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CONSUMPTION AND MARKET Results of the Australian National Nutrition Survey (1995) showed that a relatively high proportion

of the people surveyed consumed fruit juice products. The Nutrition survey showed that 35.0% of all males surveyed and 37.7% of females surveyed consumed fruit juice type products daily 18. In recent times, the demand for freshly squeezed juices has increased, as unpasteurised juices are preferred by the consumer because of the fresh flavour attributes. Traditionally, juice is consumed in the morning at breakfast time. However, the emergence of juice bars and a greater focus by manufacturers in establishing juice brands has extended consumption of juice products across the day. The fruit juice processing industry has seen a massive increase in the domestic production of fresh-type juicing.

2.2. Process
Freshly squeezed fruit and vegetable juices have little or no process steps that reduce pathogen levels, if contaminated, such as no kill step. Freshly squeezed juices are simply prepared by extracting, usually by mechanical means, the liquid and pulp of mature fruit or vegetables. The final product is an unfermented, unclarified, untreated juice, ready for consumption. Most mechanical juicers use centrifugal force to separate the juice and residue (pulp) automatically. This makes it possible to prepare a variety of juices with minimal preparation. Fruits and vegetables usually require some preparation before being fed into the juicer. Fruits such as peaches, mango, oranges, melon and pineapple will need prior preparation due to the bitterness of the skin or to remove large pips and stones. Some vegetables, for example; carrots, need to be peeled and soaked in water due to their hardness. Once prepared, the fruit or vegetable can be feed into the juicer. The juice will be extracted and any pulp will be simultaneously removed by centrifugal force and ejected via an outlet pipe. During the process, contamination from raw materials, equipment or food handlers could be easily transferred to the final product. If pathogens such as S almonellae, were present in freshly squeezed juices, individuals may be exposed.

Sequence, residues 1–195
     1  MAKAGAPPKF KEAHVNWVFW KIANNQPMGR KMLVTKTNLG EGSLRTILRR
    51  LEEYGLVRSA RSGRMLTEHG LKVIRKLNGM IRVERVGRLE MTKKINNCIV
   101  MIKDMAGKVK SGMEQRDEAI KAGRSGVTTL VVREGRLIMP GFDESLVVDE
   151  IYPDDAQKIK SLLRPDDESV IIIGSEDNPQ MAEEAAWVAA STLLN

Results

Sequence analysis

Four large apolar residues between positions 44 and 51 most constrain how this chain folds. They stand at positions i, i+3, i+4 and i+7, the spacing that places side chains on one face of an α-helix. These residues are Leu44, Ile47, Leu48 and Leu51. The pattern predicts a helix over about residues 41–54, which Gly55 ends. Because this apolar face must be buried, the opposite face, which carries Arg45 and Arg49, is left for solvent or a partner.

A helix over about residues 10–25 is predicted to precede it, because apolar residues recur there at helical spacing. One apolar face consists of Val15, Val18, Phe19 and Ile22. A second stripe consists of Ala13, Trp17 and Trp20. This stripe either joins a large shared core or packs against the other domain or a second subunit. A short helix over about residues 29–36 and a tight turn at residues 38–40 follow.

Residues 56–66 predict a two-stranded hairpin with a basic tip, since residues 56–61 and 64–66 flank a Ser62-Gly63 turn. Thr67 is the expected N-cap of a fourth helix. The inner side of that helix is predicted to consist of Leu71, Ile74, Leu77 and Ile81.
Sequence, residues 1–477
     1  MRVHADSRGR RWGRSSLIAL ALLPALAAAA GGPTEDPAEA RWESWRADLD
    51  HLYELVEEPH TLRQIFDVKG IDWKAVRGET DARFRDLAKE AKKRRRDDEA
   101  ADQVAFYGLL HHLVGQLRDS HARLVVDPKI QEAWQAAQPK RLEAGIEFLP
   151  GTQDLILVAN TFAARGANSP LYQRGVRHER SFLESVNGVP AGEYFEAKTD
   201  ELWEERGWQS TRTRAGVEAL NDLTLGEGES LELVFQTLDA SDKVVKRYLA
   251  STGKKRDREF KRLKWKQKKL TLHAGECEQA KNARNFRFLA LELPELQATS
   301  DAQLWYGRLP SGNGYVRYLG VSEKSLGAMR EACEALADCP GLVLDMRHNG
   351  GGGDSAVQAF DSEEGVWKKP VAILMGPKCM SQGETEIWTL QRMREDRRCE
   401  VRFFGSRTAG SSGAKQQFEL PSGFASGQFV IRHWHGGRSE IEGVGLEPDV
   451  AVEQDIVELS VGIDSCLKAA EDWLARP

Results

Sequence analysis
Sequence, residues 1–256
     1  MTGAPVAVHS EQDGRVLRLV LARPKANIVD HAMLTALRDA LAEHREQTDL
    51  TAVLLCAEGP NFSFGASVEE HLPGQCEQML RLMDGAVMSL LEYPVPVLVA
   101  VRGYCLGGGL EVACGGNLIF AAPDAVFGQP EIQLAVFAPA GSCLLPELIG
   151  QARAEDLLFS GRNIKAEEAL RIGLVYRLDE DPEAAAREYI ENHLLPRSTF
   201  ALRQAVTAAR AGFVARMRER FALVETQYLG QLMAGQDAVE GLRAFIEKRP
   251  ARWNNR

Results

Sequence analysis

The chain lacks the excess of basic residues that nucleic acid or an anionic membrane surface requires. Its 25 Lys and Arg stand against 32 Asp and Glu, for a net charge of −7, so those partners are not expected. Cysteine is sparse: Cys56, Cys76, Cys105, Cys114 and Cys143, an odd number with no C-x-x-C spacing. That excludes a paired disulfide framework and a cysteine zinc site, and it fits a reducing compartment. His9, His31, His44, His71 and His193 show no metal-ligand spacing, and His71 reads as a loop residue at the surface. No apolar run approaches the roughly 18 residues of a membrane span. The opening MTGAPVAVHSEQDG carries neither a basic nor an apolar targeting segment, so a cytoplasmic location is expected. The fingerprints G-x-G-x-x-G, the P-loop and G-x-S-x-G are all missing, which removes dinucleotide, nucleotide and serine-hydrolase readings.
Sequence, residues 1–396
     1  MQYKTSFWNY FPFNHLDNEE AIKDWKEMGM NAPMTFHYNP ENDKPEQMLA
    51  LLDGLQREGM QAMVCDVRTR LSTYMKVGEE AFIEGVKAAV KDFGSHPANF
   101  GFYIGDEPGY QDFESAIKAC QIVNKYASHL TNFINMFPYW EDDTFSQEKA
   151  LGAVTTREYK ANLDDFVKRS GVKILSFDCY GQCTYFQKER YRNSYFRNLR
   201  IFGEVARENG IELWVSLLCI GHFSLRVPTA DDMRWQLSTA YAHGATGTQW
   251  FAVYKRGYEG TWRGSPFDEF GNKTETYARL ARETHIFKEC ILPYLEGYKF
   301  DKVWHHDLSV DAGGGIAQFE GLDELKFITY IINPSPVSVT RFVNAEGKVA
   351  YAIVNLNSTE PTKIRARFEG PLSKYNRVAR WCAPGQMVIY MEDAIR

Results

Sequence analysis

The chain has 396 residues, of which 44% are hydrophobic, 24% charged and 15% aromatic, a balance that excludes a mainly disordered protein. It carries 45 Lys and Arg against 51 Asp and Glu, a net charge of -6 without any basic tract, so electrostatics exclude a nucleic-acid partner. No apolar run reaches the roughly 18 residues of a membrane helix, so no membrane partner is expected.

2.3. Contamination
Pathogenic organisms can enter fruits and vegetables through damaged surfaces, such as punctures, wounds, cuts, and splits. This damage can occur during maturation or during harvesting and processing. A pathogen that has become internalised within a fruit or vegetable must be able to survive in the product until it reaches the consumer in order to become a public health hazard. Most fruit juice is sufficiently acidic to inhibit the growth of pathogenic organisms

2.4. Reported Outbreaks (flaws in the concept of fresh juice)

The reported outbreaks of illness have historically been associated with unpasteurised packaged juices, rather than freshly squeezed juices. In Victoria, little information is available on the microbiological quality and associated illness of freshly squeezed juices. This survey investigates the microbiological quality of freshly squeezed fruit and vegetable juices and the processes and food handling practices from retail businesses that freshly squeeze juices on request across the state of Victoria, over a given period of time. Therefore, any results reported in this survey are an empirical evaluation over a given time period and geographic region.

The samples included the following juice types; Apple Juice (100%) Orange Juice (100%) Mixed juices (three or less ingredients) Watermelon (100%) Cantaloupe (100%) Carrot Juice (100%) Celery Juice (100%) Wheatgrass (100%)

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